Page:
With full enforcement of OSHA’s new rule for construction work in confined spaces set for October 2, 2015, construction firms large and small need to understand their roles and responsibilities for communicating safety hazards at construction sites.
Understanding the roles of all parties involved is an essential element of hazard communication. It’s sometimes unclear, even for seasoned construction pros.
The three basic roles, as defined by OSHA, are:
This is usually the owner of the site, but may be a firm representing the owner, such as a general contractor.
This party manages the job site as a whole, including firms hired for specific work. In many cases, the controlling employer is the GC.
Affecting or Exposing Employer
Commonly a subcontractor, this is the company or person that tasks individuals with carrying out work at the job site and providing direct instruction to the worker.
The lines between roles often get blurry. For example, when the property owner is also the general contractor, this firm could be the host employer, controlling employer and, if their employees are completing the work, the affecting employer as well. Knowing your role on a job site is the first step on understanding your responsibilities and liabilities.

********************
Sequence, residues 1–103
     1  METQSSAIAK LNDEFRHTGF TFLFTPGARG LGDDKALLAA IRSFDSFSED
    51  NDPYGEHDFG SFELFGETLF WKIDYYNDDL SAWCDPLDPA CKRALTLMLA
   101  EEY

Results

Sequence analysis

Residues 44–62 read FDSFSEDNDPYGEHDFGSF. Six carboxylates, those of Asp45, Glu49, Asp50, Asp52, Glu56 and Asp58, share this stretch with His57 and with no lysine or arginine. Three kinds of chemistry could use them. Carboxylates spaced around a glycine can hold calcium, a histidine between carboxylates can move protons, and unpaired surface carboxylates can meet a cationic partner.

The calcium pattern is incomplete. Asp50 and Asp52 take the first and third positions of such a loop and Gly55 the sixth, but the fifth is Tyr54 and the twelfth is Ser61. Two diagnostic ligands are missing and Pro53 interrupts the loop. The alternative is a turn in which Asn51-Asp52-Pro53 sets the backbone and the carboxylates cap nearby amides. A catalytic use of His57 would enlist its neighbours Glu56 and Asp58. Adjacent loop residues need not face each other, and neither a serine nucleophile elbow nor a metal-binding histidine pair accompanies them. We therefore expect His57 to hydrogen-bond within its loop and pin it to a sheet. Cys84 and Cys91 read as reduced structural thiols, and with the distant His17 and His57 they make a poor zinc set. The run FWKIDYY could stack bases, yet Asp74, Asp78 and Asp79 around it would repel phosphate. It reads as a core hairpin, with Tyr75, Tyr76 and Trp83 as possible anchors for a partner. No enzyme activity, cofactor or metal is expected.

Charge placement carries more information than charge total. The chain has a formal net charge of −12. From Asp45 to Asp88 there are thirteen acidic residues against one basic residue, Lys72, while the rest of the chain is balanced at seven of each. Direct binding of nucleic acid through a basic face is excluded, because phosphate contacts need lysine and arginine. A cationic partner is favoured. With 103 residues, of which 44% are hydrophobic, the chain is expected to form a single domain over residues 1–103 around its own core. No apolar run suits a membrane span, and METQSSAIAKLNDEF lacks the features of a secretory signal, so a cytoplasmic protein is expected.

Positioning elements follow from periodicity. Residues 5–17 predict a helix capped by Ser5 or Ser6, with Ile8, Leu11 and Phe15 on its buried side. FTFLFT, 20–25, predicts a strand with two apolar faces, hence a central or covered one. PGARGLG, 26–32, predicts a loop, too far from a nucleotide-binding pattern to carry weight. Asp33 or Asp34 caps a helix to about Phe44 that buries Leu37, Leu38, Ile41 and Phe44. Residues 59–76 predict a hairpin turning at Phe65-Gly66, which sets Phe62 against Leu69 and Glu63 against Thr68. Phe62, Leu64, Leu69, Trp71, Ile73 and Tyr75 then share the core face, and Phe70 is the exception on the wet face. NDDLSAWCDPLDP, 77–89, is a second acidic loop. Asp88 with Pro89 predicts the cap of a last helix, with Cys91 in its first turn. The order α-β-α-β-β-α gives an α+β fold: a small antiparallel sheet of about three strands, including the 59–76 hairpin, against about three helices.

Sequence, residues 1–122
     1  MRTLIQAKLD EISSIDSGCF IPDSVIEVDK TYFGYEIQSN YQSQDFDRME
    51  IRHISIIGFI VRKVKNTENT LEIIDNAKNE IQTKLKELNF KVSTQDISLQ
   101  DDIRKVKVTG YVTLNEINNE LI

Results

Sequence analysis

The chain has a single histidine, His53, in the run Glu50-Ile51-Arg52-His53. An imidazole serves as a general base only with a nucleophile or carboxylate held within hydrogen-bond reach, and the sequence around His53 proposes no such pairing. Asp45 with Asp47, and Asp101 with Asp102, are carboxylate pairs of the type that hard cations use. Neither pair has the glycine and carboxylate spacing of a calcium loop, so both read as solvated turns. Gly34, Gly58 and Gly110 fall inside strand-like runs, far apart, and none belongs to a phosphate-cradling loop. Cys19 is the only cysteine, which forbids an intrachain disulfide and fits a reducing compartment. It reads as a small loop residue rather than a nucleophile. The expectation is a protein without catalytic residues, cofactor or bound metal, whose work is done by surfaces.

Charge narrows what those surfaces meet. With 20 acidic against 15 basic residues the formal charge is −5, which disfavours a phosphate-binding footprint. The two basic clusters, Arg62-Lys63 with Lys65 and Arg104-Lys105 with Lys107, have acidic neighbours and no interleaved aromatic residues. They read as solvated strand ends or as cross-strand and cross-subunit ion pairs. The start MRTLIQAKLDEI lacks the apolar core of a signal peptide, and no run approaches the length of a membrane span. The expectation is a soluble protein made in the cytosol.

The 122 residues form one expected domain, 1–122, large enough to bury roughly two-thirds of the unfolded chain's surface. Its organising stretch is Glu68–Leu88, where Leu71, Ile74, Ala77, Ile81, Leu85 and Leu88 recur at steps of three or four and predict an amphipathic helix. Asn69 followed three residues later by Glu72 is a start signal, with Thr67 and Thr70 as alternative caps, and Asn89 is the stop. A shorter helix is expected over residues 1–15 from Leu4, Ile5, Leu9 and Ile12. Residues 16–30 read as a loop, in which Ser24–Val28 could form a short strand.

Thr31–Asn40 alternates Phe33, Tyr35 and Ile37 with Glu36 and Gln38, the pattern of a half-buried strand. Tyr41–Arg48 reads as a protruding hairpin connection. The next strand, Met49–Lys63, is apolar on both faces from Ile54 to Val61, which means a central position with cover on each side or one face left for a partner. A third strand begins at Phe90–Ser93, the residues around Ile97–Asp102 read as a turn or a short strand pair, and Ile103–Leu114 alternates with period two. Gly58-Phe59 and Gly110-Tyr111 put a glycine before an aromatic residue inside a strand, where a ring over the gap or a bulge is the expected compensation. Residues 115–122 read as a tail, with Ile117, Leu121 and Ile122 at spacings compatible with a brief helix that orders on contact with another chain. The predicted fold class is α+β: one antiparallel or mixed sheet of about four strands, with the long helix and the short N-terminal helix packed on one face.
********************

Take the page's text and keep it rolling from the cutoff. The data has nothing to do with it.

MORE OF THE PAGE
Every employer and individual is responsible for reporting hazardous behaviors and conditions on a job site. Hazards should be reported to the controlling employer who, in turn, is responsible for distributing this information to the host employer and all affecting employers. The controlling employer is usually responsible for the corrective plan, which they may develop and carry out, or assign the task to an affecting employer. The controlling employer must effectively communicate policies and procedures that mitigate hazards, especially if they have intimate knowledge of the equipment/material being worked on by the affecting employer.
The case of confined spaces in construction where identifying hazards early may be difficult, the affecting employer should provide the controlling employer with an entry program and account of hazards identified with the controlling employer communicating the onsite confined spaces.
All parties on a job site are responsible for keeping the work environment safe, and not creating new hazards.
Understanding roles and responsibilities on a job site is the first step toward minimizing risk to workers and liability for your firm. In the event of an incident, your role and how you executed your responsibilities will be the primary measure in determining if a citation or other punitive action is warranted.